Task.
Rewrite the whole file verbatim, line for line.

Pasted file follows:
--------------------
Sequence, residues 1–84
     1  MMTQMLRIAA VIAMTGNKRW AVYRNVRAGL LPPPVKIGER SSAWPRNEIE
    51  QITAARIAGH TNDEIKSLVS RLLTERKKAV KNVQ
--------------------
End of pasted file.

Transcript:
Sequence, residues 1–84
     1  MMTQMLRIAA VIAMTGNKRW AVYRNVRAGL LPPPVKIGER SSAWPRNEIE
    51  QITAARIAGH TNDEIKSLVS RLLTERKKAV KNVQ